The Democratic Congressman beats his Republican rival, and the make-up of the Senate is unchanged.
At Wednesday’s debate Republican candidate Gabriel Gomez gave some indication of how he would vote on reproductive health policy, a topic that he has been reluctant to discuss in detail on the campaign trail.
After being questioned by a Boston Globe reporter about whether he would have supported a bill last year to limit insurance coverage of contraception, Gomez refused to answer, saying “I’m not sure how much more clear I can be.”
Former Georgia Secretary of State Karen Handel announced that she is running for an open U.S. Senate seat in Georgia, while Virginia Republicans selected Bishop E.W. Jackson as their nominee for lieutenant governor in this year’s election.
The Republican Massachusetts Senate candidate has a track record of being somewhat ambiguous about the extent of his anti-choice beliefs.
Sanford’s win isn’t shocking in and of itself, and it may not even be a bellwether of Republican prospects in the 2014 midterms.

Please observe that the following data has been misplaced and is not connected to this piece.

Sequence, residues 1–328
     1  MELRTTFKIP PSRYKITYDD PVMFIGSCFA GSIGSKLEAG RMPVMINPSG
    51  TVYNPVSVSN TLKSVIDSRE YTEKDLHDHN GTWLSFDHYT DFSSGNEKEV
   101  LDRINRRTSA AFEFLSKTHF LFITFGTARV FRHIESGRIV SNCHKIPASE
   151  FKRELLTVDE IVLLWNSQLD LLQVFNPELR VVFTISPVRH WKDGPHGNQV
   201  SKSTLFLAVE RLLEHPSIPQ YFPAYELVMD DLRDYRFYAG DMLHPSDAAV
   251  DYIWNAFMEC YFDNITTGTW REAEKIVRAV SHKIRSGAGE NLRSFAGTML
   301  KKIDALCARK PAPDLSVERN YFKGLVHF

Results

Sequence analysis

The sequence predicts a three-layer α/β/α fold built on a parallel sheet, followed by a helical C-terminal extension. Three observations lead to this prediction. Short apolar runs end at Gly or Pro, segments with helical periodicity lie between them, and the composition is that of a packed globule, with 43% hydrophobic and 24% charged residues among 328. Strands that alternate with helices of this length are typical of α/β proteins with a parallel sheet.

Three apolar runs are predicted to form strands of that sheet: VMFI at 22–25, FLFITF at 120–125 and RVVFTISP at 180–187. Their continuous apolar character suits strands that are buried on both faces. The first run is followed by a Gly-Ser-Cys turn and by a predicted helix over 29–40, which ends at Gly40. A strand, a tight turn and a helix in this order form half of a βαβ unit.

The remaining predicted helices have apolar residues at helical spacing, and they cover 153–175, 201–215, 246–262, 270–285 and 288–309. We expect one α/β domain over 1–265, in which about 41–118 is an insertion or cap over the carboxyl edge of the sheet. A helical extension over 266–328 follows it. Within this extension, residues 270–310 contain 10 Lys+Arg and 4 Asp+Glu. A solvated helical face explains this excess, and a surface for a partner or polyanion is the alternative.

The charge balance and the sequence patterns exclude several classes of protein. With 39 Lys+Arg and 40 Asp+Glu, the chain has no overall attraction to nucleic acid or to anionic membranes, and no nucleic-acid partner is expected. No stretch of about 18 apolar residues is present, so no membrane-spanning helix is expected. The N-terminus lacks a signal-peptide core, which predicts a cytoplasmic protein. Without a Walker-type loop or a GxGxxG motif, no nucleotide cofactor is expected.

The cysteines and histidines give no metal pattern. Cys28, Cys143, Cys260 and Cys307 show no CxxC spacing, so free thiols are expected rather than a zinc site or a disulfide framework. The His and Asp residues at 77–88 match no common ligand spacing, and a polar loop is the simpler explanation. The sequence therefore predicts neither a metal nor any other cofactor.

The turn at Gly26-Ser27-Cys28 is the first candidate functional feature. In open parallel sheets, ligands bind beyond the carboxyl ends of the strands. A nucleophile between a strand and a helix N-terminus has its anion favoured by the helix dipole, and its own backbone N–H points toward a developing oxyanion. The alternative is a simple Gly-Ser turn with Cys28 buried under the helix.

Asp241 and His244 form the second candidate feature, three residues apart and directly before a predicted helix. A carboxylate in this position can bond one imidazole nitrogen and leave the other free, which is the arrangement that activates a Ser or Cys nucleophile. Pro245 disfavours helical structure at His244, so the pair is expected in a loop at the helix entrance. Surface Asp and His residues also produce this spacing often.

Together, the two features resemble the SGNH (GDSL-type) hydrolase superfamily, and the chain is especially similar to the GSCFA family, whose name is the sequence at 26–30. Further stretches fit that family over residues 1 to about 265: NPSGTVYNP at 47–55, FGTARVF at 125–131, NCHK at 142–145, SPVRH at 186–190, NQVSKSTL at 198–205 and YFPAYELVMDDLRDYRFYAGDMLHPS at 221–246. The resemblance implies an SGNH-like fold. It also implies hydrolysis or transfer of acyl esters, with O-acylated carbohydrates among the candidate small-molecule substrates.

A new conservative push poll against Democratic candidate Elizabeth Colbert Busch tries to link her to personal scandal by, among other things, inferring that she may have had an abortion.
The winner on the June special election in Massachusetts won’t change the balance of power in Congress, but could change the political landscape heading into the 2014 midterms.
Now that the voters have spoken, what’s going to happen next?
The vote could affect a longstanding match of abortion funding Ping-Pong between local residents and the federal government.